A CONCEPTUAL FRAMEWORK TO REINVIGORATE THE HANDLOOMS SECTOR IN INDIA: MODELLING THROUGH ARTIFICIAL INTELLIGENCE METHODS LEVERAGING SYSTEMS THINKING APPROACHES
This exploratory inquiry intends to uncover and comprehend the problems of the languished handloom industry and impoverished artisans. Further, the study suggests conceptual frameworks for the revival of the Indian Handloom Sector.
Handloom craft is a lasting legacy of great imagination, artistry and aesthetics practised as far back as 4000 BC in India. Until the late 18th century, India was a global hub of exquisite textiles and accounted for over 50% of the worldwide supply.
The sector currently faces headwinds and grapples with multifarious problems, such as low productivity, disrupted supply chain, restricted credit flow, weak marketing, inadequate infrastructure and obsolete technology, among others. Moreover, with the incongruity of government policies and declining support and protection, the handloom industry is further impaired by the predatory competition from powerlooms.
The study adopted mixed methods of data collection and multiple data analytical methods. The quantitative data gleaned from over 11,000 weaver households and a few
personal interviews for qualitative insights in the Prakasam district of Andhra Pradesh, India, constituted a big dataset.
The study conceived four models based on disparate influencing factors identified within the three perspectives; productivity and supply chain, human capital, and policy and implementation.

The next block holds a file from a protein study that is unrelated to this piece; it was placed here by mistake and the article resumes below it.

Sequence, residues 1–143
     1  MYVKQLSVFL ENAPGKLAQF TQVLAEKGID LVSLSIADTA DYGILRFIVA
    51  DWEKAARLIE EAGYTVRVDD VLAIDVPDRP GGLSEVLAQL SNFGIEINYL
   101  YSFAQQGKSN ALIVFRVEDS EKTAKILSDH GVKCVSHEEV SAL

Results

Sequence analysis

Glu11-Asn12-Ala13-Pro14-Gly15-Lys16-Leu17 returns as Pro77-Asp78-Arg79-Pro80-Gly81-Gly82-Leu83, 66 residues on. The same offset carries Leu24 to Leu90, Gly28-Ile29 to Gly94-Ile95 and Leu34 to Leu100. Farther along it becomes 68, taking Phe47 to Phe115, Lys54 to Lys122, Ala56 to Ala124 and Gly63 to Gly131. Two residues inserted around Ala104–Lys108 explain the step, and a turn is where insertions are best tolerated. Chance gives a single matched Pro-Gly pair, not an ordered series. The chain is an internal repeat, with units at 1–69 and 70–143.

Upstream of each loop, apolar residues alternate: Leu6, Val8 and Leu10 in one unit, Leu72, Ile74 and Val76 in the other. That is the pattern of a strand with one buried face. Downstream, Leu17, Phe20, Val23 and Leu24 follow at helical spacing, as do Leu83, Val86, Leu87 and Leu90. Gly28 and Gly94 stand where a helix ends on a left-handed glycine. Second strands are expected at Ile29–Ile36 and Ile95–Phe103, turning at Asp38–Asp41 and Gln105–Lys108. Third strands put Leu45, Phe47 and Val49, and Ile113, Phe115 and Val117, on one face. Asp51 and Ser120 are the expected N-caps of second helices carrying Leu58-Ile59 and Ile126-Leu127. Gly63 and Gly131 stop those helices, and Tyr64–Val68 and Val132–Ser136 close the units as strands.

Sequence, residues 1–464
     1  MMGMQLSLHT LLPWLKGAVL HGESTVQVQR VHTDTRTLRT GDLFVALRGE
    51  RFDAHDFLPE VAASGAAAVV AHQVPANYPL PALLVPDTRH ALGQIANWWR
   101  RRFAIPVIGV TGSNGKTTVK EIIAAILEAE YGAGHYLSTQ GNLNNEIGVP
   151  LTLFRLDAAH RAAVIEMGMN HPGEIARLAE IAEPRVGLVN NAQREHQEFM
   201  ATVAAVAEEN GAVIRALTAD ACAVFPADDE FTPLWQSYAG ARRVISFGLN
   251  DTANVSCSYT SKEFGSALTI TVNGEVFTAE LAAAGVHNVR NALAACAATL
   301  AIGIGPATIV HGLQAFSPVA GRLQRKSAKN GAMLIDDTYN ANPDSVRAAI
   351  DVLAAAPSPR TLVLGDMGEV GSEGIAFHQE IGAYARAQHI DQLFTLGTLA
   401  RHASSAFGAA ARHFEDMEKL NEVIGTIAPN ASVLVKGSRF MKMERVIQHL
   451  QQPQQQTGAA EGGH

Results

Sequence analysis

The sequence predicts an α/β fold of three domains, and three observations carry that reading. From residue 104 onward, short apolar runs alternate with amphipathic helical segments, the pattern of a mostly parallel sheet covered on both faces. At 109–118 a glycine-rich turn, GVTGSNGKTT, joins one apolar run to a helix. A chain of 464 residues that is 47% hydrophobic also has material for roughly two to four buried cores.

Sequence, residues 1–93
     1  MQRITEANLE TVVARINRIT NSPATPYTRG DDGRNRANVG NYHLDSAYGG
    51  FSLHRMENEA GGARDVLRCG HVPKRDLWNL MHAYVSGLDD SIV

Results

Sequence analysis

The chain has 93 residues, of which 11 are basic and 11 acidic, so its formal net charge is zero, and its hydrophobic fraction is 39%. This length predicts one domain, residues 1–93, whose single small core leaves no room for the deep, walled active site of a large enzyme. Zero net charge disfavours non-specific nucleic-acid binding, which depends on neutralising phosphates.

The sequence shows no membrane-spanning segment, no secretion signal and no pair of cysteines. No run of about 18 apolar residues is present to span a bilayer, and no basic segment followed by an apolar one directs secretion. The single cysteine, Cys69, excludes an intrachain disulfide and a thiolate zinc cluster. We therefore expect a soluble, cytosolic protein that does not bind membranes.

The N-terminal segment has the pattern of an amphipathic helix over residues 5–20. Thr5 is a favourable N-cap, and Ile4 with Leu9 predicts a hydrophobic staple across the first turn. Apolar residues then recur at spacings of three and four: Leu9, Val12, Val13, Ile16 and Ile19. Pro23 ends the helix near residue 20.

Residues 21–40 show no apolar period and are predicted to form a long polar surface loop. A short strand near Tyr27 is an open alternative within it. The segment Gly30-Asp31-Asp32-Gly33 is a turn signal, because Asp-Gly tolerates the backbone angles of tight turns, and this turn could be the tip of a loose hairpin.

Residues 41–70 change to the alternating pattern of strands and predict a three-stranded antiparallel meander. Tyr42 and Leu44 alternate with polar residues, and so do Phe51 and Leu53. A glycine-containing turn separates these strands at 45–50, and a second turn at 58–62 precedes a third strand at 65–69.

Data were analysed wielding Artificial Intelligence and Machine Learning tools. The results were then scanned and explicated, employing Systems Thinking and Sustainable Livelihoods Approaches for accentuating the interrelations, patterns and trends.
This study revealed a complex web of activities and interactions that resulted in the industry's downswing and consequent marginalisation of weavers.
The study provided significant evidence about how the neglect of economic, social, and policy perspectives engendered structural distortions in the artisanal socioeconomic landscape. The study established the adverse effects of degraded human capital, eroded productivity factors, and disrupted supply chains. The study further disclosed that the
government's claim of support to handlooms is more vaunted than the field-level reality.
This paper provided policymakers and executives with policy and implementation frameworks to address the gaps and inconsistencies.
The dissertation finally suggests long-term investment in human capital, technology and infrastructure associated with sustainable policies and schemes for bolstering productivity and competitiveness.